I was tired of listening and regurgitating statements that I could no longer identify with. We keep telling ourselves to keep coming back, but surely there comes a point when it stops working for someone. If someone keeps relapsing, it isn’t because they’re incapable of being honest — it’s because it isn’t working for them and we’re not meeting them where they’re at. And what about the people who faced their trauma once they stopped anaesthetizing themselves? The steps aren’t the antidote to trauma, only how to stop drinking and using — what then?
At that point in my life I felt stagnant. I decided to fulfill a lifelong ambition and move to the US to pursue a writing career. It was only in leaving the UK to move to the US that I realized I could not continue to attend meetings that no longer helped me thrive. When I attended in the US and was used as a British show pony, that only illuminated the problems I had with 12-step recovery. It was supposed to be principles before personalities, but it was actually a game of control where I was told what to do and I obeyed. That wasn’t recovery: that was a game of manipulation. And it wasn’t how I saw the sobriety I wanted.
I left AA three and a half years ago. I’m now eight and a half years sober. In fact, leaving was the best decision I made for my recovery — it was the making of me.
I decided what my recovery looked like
I chose tools that worked for me
I became accountable to myself
I’m in control of my recovery, not some patriarchal god or a 12-step program
I decided when and what to do with my life and didn’t have to run it by a person who may not have my best interests at heart
Since leaving, I learned that I had been programmed to believe a lot of untruths. First and foremost, I didn’t relapse like everyone in AA said I would if I left. Here is the deal: Recovery is not contingent upon membership in a 12-step fellowship. While AA can be a great first step for people looking for recovery, it does not have a monopoly on recovery — there are many options available for people who need help with alcohol or drugs.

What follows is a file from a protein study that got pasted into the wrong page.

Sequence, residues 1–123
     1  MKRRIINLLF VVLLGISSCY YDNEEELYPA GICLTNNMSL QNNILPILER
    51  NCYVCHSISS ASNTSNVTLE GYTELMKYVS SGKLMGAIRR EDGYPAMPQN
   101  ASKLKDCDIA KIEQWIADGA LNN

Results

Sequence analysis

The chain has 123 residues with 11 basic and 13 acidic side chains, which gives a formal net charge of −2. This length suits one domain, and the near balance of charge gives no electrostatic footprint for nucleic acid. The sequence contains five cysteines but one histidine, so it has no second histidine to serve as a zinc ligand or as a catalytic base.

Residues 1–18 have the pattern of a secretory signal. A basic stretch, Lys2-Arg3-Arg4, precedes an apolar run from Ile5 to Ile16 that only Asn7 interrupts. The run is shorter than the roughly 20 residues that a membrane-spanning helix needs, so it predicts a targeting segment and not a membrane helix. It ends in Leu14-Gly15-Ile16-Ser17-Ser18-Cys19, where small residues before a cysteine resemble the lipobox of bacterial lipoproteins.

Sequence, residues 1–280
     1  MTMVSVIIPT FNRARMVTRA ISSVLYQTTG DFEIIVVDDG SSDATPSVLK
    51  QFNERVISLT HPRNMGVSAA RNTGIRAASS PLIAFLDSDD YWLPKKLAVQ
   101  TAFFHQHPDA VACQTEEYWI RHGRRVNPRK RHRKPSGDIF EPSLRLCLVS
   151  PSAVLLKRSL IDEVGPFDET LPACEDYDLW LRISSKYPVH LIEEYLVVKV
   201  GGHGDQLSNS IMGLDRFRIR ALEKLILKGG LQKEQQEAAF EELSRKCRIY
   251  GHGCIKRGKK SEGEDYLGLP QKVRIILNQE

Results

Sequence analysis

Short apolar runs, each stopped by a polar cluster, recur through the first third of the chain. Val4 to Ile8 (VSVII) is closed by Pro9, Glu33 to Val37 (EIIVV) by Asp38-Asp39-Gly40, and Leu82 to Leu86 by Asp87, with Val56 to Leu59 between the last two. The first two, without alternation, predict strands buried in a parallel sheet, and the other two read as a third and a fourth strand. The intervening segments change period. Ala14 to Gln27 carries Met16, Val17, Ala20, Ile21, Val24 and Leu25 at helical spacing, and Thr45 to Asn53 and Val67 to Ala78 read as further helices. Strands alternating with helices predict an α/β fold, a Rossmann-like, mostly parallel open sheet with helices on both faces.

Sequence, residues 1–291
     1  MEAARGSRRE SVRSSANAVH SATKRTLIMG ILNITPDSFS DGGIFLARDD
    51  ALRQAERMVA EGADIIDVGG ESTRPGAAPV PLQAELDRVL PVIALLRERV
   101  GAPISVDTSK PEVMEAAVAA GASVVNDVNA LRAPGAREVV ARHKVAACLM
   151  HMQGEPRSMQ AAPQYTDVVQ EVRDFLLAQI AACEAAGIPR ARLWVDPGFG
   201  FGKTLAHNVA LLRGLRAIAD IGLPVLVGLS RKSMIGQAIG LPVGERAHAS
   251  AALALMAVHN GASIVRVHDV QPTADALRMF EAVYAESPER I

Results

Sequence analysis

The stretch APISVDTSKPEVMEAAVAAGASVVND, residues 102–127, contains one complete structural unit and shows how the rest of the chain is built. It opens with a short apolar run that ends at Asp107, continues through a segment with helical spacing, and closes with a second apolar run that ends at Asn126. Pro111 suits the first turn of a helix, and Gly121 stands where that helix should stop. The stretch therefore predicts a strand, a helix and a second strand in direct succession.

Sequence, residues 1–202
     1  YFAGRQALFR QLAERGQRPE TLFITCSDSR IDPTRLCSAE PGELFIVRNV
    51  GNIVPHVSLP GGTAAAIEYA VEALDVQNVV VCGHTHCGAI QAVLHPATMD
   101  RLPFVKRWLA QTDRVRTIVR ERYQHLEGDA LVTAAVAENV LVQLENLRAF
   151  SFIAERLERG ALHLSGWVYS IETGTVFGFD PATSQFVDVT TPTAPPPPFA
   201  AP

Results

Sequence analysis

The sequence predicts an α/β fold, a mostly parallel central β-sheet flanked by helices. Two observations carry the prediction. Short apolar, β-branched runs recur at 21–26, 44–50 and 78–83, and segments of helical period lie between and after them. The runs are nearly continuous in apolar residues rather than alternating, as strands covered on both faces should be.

I wasn’t powerless any more than I was incapable of being honest with myself. I had control over my recovery all along. There was no monster inside of me compelling me to destroy my life by downing alcohol any time I went to the grocery store, but rather I was a person with complex trauma who needed trauma healing with a licensed therapist.
I just grew out of AA and I wanted something different for my recovery.
Through therapy, I empowered myself with the agency and autonomy to self-direct a recovery that works for me. That means an integrated recovery that looks after my whole being and honours my needs. I make choices for myself that promote wholeness and well-being rather than what a sponsor thinks is best for me.
Today, I am one of 600 members of a Facebook group who share their journey of Life After 12-Step Recovery. We support each other through the transition of leaving 12-step fellowships. I never tire of watching that transformation in our members: they arrive fearful of their thinking and terrified they will return to use. They don’t know how to tell their sponsors and they believe that the sponsors’ opinion matters enough to keep them stuck in something that isn’t working for them. Then they realize the untruths and grow into a self-directed recovery where they get to choose what their recovery looks and feels like. It’s an honor to be part of that process and watch their healing.
Life after 12-step recovery isn’t about AA bashing, it’s about owning what didn’t work for me, and stepping beyond that particular paradigm of recovery into one that’s more aligned with who I’ve become.
Olivia Pennelle is a writer, journalist, and coach. She is the founder of the popular site Liv’s Recovery Kitchen, a site dedicated to helping people flourish in their recovery. Liv is passionate about challenging limiting mentalities and empowering others to direct their own lives, health, and recovery. You can find her articles across the web on podcasts and addiction recovery websites, including Recovery.org, The Temper, The Fix, Recovery Campus, and The Recovery Village. Find Liv on Twitter, Facebook, and LinkedIn.